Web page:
Diversification of energy sources is an essential part of Saudi planning. To help lead the effort, the kingdom established the King Abdullah University of Science and Technology located on the Red Sea north of Jeddah. In May 2012, the kingdom announced an ambitious 20-year, $109 billion plan to generate 41 gigawatts of electricity through a new solar program that would meet 25-30 percent of its needs. In parallel, it sought to generate another 21 gigawatts in geothermal and wind power. There is virtually no human or industrial infrastructure in the kingdom to execute or support a program of such magnitude. Perhaps unsurprisingly, the projects have been delayed. In January 2015, Hashim Yamani, president of the King Abdullah City for Atomic and Renewable Energy, the royal agency established to oversee renewable-energy policy, delayed the projects by eight years: "We have revised the outlook to focus on 2040 as the major milestone for long-term energy planning in Saudi Arabia."60 Under even the most optimistic of scenarios, renewable energy sources will provide no immediate relief from the kingdom's overwhelming dependence on oil and natural gas for power.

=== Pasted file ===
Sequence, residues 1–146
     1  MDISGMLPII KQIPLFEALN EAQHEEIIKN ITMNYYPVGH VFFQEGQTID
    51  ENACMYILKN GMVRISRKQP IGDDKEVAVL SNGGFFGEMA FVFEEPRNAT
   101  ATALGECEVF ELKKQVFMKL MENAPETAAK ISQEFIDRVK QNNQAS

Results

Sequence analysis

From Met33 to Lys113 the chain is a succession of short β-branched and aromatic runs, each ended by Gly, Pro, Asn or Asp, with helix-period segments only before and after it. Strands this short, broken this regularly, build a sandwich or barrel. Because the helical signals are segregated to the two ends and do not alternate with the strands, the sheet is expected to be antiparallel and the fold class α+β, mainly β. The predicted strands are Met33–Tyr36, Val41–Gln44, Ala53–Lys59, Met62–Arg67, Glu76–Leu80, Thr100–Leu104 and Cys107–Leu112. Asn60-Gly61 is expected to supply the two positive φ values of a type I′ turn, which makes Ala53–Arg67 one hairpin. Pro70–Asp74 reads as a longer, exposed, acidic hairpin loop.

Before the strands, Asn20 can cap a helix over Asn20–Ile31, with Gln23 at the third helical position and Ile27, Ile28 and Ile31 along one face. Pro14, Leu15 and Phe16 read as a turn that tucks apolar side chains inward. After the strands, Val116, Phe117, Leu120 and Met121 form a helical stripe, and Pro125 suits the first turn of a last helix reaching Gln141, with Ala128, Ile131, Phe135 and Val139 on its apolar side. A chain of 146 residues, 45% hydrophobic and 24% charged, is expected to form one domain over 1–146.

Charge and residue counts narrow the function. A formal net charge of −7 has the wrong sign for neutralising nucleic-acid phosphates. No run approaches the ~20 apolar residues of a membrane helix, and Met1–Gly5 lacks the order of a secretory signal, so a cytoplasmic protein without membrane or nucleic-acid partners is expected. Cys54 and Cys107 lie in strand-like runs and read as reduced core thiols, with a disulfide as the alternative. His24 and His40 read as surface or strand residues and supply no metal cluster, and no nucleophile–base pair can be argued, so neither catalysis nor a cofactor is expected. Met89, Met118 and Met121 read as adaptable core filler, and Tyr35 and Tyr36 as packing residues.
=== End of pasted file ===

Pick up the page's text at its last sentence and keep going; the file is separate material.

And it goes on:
The kingdom has also taken steps to increase energy efficiency. In December 2014, it announced the imposition of minimum fuel/mileage standards for new and used vehicles, light trucks and automobiles imported into the kingdom. The standards, based on the U.S. Corporate Average Fuel Economy (CAFE) standards, are to be phased in between 2016 and 2020. As part of the National Energy Phase II program launched in partnership with the UN Development Program, the kingdom introduced a campaign to put energy efficiency ratings on all new air conditioners and replace aging and inefficient units still in use.61 As many as 50,000 noncompliant air-conditioning units have been seized and destroyed by the government under the joint government-UN program.62 Finally, Saudi Arabia has adopted international building codes that make thermal insulation mandatory in all new construction across the kingdom's 23 cities.63
POLITICS OF CLIMATE CHANGE